Haitian Tostada

Haitian Tostada

Happy Haitian Heritage Month! Every May I like to share vegan variations on Haitian recipes. Here is last year's roundup of recipes. Today I want to share with you my own Haitian inspired creation. Miami Urban Contemporary Experience had a Vegan Takeover that happened to fall on Cinco De May in celebration of Haitian Heritage Month. I was one of the featured chefs and decided to create something that honored Haitian Heritage and Cinco de Mayo.

A tostada is a Mexican deep-fried tortilla topped with a seasoned mixture of beans, ground meat, and vegetables. The word tostada means toasted. I decided to take different elements from Haitian culinary repertoire to create a Haitian Tostado. Instead of a tortilla, I decided to replace it with banan peze with is twice-fried green plantain. In some Latin countries, they call it a tostanes. There is a slightly different in how we prepare it in Haiti the principles are the same. We flatten and fry a green plantain. I decided to bake the banan peze instead of fry it to so it would be healthier. I then added Sos Pwa, our black bean sauce. It is usually served with white rice. I layered on Pikliz our cabbage pickle. The show stopper was Confiture Anana, Haitian pineapple jam.


For the event, everyone was pleasantly surprised. They are not use to all these things being combined together. But once they had it they wanted more. This recipe was one of my divine downloads. It came out just the way imagined. I think this a great kick-off to my 2019 Haitian Heritage Month recipes.

For those who plan to make it, you can make some of the ingredients in advance like the confiture. This recipe is something I recommend for a special event as it does take time to make.


Haitian Tostada


Baked Banan Peze (recipe below)  (Fried Version)

Sos Pwa (recipe below)


Confiture Anana (recipe below)

Parsley, chopped


  1. To make the tostado create the following layer: banan peze, sos pwa, pikliz, confiture anana and parsley. 



Sos Pwa (Haitian Black Bean Sauce)


  • 1 tablespoon olive oil
  • 1 small onion, chopped
  • 2 garlic cloves, chopped
  • 2 scallions, chopped
  • 1 cup dried black beans, soaked and rinsed
  • ½ cup coconut milk
  • ½ tablespoon vegan butter or olive oil
  • ½ tablespoon finely chopped flat-leaf parsley
  • ½ vegetable bouillon cube
  • Salt, to taste
  • 1 scotch bonnet
  • 4-5 cloves
  • ½ teaspoon freshly ground black pepper

    1. Heat the oil in a large saucepan over medium heat. Sauté the onion, garlic and scallions until golden, about 8 minutes. Add the beans and 5 cups of water. Bring the water and beans to a boil over medium-high heat, covered, then boil until the beans are soft, about 1 1/2 hours. (This may take longer depending on your beans.) Add water occasionally to keep the beans submerged, if necessary; keep an eye on them, as you may need to add a fair amount of water, depending on your beans and how tight your pot lid is. (Note you can use a pressure cooker to expedite the cook time or use precooked black beans.)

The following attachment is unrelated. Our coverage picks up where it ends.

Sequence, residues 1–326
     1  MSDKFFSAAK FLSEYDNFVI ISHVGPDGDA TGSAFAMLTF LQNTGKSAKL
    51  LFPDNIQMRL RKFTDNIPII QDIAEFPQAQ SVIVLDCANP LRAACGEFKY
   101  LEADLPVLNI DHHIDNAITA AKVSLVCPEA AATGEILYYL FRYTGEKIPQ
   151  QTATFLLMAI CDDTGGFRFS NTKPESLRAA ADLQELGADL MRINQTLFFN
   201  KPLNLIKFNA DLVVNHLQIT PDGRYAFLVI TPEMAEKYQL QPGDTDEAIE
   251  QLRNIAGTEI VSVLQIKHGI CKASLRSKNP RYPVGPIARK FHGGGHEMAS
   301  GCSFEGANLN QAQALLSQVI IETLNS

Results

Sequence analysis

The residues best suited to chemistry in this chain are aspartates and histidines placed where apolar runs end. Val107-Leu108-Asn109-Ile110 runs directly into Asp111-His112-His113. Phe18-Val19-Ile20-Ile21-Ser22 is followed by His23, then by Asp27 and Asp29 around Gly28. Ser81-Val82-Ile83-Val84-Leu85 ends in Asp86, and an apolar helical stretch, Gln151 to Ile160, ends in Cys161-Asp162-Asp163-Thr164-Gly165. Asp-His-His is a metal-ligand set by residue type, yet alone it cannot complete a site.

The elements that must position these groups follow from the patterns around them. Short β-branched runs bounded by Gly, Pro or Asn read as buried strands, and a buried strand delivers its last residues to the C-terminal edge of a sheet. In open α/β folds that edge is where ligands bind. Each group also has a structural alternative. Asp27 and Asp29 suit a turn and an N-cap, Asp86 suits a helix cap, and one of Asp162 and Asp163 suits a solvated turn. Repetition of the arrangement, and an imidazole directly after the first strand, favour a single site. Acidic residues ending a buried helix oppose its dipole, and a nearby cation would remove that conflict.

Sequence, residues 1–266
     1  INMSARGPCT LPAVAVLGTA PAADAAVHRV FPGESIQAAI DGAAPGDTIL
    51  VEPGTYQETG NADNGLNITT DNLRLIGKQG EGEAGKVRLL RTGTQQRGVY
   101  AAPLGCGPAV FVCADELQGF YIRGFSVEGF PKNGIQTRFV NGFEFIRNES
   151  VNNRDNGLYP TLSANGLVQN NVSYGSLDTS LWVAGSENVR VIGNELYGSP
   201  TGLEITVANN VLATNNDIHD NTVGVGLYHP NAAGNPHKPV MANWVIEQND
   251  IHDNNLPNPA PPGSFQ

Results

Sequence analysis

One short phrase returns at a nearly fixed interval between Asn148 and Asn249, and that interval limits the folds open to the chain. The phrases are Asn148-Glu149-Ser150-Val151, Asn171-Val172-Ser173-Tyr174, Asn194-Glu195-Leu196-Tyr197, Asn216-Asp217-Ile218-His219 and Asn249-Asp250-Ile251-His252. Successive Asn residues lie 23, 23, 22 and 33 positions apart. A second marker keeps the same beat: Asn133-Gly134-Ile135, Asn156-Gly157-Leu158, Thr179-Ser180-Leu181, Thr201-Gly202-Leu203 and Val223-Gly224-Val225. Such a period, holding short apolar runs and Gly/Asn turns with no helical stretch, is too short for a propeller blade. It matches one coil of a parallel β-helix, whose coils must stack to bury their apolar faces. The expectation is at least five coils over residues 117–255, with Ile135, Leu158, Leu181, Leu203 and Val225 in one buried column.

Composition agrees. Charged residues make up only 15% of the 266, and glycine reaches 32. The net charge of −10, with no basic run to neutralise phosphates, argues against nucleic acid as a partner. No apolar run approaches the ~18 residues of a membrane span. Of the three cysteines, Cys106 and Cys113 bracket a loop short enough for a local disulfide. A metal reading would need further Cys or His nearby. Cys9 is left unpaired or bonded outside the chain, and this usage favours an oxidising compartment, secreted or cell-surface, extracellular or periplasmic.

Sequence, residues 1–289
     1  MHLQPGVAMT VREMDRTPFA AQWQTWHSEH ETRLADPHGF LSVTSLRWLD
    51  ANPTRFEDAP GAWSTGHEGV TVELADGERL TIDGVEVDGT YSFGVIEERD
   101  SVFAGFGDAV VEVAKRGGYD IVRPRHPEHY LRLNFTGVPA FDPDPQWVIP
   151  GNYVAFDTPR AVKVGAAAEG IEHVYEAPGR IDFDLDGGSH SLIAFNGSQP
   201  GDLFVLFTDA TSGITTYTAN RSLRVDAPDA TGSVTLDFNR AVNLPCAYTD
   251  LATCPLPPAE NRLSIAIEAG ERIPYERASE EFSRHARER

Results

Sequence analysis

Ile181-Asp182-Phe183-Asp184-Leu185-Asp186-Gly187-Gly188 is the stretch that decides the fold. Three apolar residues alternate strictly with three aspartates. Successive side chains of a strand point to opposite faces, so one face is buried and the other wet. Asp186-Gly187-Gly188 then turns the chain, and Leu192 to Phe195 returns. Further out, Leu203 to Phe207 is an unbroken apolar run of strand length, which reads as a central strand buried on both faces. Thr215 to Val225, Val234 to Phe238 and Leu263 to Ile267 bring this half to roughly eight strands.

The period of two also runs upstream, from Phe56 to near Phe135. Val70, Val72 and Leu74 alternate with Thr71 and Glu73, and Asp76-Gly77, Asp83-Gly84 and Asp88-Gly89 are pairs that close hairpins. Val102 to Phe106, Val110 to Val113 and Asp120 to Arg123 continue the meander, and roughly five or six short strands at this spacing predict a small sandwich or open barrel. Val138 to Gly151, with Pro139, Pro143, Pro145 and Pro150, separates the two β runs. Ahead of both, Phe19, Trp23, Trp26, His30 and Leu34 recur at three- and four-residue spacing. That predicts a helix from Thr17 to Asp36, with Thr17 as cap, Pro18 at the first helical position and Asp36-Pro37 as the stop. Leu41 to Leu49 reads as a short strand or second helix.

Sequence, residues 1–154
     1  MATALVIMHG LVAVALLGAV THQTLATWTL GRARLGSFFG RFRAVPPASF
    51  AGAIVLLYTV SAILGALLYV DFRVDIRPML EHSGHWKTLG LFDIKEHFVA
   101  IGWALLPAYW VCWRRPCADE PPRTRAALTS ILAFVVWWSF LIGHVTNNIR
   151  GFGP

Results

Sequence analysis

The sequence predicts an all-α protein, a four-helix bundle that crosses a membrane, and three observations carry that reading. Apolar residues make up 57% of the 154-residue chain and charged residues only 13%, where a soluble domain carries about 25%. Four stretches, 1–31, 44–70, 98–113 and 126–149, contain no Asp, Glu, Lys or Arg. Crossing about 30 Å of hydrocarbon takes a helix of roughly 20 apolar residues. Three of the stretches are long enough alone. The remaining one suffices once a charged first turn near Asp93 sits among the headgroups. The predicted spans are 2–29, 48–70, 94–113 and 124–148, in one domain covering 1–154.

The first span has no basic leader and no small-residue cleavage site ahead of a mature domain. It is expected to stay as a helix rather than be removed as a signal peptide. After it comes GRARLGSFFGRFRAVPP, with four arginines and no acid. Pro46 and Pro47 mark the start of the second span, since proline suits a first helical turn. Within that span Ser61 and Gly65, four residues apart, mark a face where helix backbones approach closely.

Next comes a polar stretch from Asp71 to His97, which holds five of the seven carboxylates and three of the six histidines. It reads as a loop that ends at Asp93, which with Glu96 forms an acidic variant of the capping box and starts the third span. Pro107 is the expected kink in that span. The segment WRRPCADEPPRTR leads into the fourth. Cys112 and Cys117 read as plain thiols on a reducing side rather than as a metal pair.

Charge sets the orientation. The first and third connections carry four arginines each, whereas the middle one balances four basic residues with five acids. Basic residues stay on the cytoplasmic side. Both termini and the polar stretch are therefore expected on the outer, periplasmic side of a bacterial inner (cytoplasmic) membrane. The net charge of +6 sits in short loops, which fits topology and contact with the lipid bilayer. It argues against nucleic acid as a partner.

2. In a blender, purée 3/4 of beans and water left in the pot with an additional 1¾ cups water until very smooth. Force the purée through a fine strainer.
    3. Return the bean purée to the pot over medium-low heat. Stir in the coconut milk, butter, parsley, bouillon cube, salt to taste and black pepper. Push cloves into scotch bonnet and add to the purée. Cook the bean purée, stirring occasionally, until it’s the consistency of a rich gravy. (Adjust with water if necessary.)


    Confiture Anana (Pineapple Marmalade) 


    • 2 1/2 cups organic Sugar 
    • 3/4 cups Water
    • 3 Star Anise
    • 1 large Cinnamon Stick
    • 1 teaspoon Almond extract
    • Juice of one lemon
    • 1 Pineapple - well ripened
    1. Remove the skin of the pineapple, then cut into small pieces. In a heavy saucepan, boil water and sugar. Sugar water must be clear before adding the remaining ingredients, about 10 - 15 minutes.
    2. Add pineapple, star anise, cinnamon stick, lemon juice and almond extract. Cover and simmer for 45 minutes stirring often to avoid sticking. Remove from heat and let cool before serving or placing into jar.

    Note: If the pineapple is very sweet add less sugar and more if it is not. Use a wooden spoon to better stir the pineapple while cooking.


    Baked Banan Peze


    • 3 green plantains
    • Juice of one Lemon or Lime
    • Salt
    • Water
    • Cooking spray



    1.  Preheat the oven to 400°F. Spray baking sheet with cooking spray or cover with parchment paper to prevent sticking.
    2. Peel plantains and slice into 1/2 thick slices. Place in a bowl with water, lemon juice, and salt to taste. Let sit for 10-15 minutes.
    3. Arrange slices on the baking sheet. Lightly coat with oil spray on top and bake for 10 minutes or until slightly brown on the bottom.
    4. Remove from oven. Using a tostonera (a press), slightly mash each piece to about a quarter of an inch thick. If a tostonera is not available, insert the pieces between a folded piece of parchment paper and press down using a saucer or the bottom of a glass jar.
    5. Lightly re-spray the baking sheet if not using parchment paper and place the plantains brown side up onto the baking sheet.
    6. Lightly spray the top and bake for another 15 minutes until golden brown and crispy.


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